Still, those concert halls kept him busy, allowing less time for his beloved (and often lucrative) mushroom harvesting in the woods of his home near Rockland County. He was busily overseeing new performances of past work while he
labored away at original compositions. By the late 1960s and into the 1970s, artistic commissions and residencies, prestigious teaching gigs, and worldwide honors abound. Public and private had converged. And Cage often bristled at what he saw as unnecessary detours. The letters from this period reveal him turning down ill-suited projects, such as one proposed by filmmaker Arthur Lispett who needed soundtracks for collage films. Writing to Lispett, Cage indicates that “for the last 10 to 15 years I have been concerned with not controlling the continuity of sounds, and certainly not controlling the togetherness of sounds and images, sounds and stories, or sounds and movements of dancers. I am insistent upon letting things go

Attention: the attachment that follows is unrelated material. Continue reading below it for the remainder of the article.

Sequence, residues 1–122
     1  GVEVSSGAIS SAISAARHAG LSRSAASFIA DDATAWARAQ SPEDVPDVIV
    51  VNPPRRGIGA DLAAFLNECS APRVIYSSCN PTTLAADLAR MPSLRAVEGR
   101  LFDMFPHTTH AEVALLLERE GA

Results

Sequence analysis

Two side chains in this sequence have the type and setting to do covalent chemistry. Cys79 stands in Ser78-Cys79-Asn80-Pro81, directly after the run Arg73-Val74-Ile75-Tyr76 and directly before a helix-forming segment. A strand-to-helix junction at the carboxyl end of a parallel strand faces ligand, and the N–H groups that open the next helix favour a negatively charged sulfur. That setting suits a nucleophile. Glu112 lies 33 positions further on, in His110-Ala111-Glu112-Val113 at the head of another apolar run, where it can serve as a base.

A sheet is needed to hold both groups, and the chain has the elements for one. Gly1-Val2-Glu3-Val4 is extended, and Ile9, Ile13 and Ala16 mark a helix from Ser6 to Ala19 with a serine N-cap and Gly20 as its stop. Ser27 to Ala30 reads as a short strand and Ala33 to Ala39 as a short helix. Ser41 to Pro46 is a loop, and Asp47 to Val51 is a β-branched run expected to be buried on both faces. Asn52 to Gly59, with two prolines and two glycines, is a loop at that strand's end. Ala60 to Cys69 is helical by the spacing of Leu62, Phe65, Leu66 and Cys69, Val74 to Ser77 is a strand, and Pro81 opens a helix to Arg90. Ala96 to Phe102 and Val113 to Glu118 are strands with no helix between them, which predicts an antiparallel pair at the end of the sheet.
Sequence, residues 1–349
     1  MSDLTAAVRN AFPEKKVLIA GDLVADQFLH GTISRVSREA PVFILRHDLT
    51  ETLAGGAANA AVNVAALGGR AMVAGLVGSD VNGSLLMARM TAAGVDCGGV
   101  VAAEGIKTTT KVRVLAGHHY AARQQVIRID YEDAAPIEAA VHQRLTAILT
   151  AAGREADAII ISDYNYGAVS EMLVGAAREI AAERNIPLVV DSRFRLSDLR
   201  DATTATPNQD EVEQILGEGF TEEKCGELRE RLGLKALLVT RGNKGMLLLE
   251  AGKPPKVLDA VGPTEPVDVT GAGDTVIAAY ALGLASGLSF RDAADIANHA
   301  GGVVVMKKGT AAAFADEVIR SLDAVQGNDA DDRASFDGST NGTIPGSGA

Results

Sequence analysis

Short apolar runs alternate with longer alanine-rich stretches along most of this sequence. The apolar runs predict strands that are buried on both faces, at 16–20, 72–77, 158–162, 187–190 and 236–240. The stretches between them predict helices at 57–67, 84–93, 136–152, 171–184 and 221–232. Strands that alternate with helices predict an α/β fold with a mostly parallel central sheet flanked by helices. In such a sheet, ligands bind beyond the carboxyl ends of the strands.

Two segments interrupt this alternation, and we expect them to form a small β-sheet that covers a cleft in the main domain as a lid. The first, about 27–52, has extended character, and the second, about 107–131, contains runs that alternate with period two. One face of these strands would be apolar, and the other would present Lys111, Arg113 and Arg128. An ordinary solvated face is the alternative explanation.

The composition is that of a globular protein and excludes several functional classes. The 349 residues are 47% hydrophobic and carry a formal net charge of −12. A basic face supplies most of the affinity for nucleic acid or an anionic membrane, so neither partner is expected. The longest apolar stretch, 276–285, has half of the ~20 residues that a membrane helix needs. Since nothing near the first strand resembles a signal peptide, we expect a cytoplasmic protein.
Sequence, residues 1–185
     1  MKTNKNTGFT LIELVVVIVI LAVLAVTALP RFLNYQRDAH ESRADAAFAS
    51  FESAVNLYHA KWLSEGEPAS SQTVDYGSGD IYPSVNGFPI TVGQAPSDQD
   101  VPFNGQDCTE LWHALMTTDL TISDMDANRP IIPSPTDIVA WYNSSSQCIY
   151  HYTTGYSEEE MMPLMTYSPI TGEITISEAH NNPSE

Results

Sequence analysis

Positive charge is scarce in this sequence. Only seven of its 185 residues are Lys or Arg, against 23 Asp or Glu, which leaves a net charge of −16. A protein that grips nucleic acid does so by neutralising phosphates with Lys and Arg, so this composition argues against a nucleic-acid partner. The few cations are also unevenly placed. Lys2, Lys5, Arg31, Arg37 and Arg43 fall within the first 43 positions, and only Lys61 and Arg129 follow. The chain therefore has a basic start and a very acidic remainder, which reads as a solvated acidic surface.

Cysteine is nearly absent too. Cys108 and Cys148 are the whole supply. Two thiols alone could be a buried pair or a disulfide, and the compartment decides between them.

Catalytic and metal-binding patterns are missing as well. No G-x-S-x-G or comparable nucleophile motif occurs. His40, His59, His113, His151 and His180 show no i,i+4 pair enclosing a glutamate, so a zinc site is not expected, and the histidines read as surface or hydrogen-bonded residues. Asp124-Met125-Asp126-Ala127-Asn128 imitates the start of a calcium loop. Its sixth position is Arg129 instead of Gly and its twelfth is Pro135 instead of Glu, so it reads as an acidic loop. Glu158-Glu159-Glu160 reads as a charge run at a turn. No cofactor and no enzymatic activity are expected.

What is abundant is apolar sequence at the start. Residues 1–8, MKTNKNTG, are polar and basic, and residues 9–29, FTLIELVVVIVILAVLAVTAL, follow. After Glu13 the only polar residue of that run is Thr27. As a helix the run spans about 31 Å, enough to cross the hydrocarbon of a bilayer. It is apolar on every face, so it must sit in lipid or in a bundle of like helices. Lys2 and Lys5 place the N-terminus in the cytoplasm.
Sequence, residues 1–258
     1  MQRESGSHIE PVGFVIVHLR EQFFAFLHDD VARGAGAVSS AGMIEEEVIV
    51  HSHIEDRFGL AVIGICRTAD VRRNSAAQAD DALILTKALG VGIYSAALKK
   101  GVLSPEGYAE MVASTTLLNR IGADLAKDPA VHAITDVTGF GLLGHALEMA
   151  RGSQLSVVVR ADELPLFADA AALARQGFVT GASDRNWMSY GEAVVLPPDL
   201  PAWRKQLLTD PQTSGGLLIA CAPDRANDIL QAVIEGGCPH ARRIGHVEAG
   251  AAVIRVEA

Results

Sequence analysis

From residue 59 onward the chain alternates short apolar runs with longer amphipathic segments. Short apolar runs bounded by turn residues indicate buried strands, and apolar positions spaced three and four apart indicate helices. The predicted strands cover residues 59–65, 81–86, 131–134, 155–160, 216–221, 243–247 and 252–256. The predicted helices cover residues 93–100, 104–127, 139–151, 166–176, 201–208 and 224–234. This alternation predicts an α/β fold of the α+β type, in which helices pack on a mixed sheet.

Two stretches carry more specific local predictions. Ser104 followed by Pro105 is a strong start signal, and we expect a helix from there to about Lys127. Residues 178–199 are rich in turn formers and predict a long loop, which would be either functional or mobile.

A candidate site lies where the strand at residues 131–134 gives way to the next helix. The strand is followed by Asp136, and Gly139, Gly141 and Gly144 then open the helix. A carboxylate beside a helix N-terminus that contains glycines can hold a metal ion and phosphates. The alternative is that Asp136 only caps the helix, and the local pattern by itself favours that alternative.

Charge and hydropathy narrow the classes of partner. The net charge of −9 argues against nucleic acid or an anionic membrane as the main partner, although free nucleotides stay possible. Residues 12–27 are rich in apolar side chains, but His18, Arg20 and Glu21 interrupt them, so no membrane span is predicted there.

Though Cage’s work was still largely discounted by establishment critics, his reputation within the American avant-garde remained unrivalled. As a result, his fields of collaboration continued to expand. Longtime friend and painter Robert Rauschenberg had collaborated on a production of Music Walk with Dancers (1960), and Cage worked with artist Jasper Johns on works such as Second Hand (1969/1970). Cage played chess with his hero and friend, the ageing Marcel Duchamp, whose own Dada-era forays into aleatory music had inspired the young composer decades earlier.
Through a growing reputation as a painter and printmaker, Cage also developed a fruitful professional association with Crown Point Press in San Francisco. He maintained long-cultivated intellectual associations with leading system theorists like Buckminster Fuller, Marshall McLuhan, and Norman O. Brown, whose respective ideas about architecture, new